Rents have been soaring across the country, even outpacing home values, according to a recent Zillow report. And it’s not just a big city problem. “Places that were more traditionally affordable are growing more quickly,” said Skylar Olsen, senior economist at Zillow. The reason is the current shortage of available rentals. “Vacancy rates are at very low levels, which continues to push rents higher,” said Andrew Jakabovics, senior director, Policy Development & Research at Enterprise Community Partners.
There is in-turn a lot of pressure on the rental market: Millennials are renting longer, housing inventory is tight and Baby Boomers are downsizing. There’s also been a shift in people wanting to live in more urban areas, where renting is more common. But there just aren’t enough “For Rent” signs to keep up with the demand. Rental construction also slowed in the aftermath of the housing crisis as confidence shrank. “We weren’t building enough so when the economy recovered, vacancy rates got very tight,” said Hans Nordby, a managing director with real estate research firm CoStar Group. “If you don’t build apartments, it pushes rents up.”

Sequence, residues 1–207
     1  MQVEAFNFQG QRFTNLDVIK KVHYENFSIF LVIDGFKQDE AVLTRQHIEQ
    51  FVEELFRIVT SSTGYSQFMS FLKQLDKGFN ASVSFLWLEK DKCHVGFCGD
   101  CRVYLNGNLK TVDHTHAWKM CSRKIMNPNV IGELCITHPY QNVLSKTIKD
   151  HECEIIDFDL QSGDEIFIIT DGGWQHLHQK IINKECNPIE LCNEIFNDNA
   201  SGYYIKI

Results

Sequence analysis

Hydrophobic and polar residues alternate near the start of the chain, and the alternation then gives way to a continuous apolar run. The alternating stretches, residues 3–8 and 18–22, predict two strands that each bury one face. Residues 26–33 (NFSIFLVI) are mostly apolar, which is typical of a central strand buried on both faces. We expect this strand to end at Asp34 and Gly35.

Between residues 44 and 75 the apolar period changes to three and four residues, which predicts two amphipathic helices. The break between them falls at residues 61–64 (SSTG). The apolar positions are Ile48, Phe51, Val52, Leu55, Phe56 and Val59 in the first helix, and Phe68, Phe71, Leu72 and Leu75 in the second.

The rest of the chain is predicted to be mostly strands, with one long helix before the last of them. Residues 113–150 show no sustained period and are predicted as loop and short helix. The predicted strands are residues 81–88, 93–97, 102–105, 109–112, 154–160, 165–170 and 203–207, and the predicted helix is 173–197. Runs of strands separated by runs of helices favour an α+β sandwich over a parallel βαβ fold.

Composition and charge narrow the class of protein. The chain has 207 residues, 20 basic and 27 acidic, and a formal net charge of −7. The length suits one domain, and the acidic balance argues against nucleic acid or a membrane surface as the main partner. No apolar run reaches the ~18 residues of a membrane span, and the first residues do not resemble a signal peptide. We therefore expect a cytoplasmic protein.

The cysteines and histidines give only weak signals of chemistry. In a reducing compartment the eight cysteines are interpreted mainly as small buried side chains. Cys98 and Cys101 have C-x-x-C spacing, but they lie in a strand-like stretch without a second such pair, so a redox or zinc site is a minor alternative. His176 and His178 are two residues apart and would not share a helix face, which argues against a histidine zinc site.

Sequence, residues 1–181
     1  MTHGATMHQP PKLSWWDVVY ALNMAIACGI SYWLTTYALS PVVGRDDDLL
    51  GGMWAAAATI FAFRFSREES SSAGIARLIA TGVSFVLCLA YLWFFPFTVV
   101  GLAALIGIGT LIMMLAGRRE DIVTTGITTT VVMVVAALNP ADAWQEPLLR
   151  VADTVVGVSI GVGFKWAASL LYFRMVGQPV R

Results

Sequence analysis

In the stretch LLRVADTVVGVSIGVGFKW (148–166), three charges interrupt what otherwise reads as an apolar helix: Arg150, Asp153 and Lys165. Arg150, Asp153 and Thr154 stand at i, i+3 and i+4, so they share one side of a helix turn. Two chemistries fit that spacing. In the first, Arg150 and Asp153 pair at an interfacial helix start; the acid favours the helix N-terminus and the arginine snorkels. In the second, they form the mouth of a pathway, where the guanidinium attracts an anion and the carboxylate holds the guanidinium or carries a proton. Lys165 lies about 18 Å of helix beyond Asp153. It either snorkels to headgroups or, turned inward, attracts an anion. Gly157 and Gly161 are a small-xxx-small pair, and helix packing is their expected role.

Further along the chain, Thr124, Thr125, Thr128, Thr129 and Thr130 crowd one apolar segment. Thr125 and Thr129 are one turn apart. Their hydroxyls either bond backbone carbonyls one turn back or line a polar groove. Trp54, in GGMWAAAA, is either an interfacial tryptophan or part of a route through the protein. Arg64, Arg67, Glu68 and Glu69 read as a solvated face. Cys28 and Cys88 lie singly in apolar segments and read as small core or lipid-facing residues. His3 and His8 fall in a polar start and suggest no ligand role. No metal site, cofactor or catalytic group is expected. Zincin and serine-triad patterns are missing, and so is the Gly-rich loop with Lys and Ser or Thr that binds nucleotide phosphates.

Adding more supply will eventually ease some price pressure, she said. “It just takes time to creep down the distribution. People living in the older units now that aren’t as luxurious migrate over to the new luxury units, and that opens up more units.” But it takes about two years for rental buildings to become available in many markets so the relief won’t be immediate.
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Source: CNN/Money and Forbes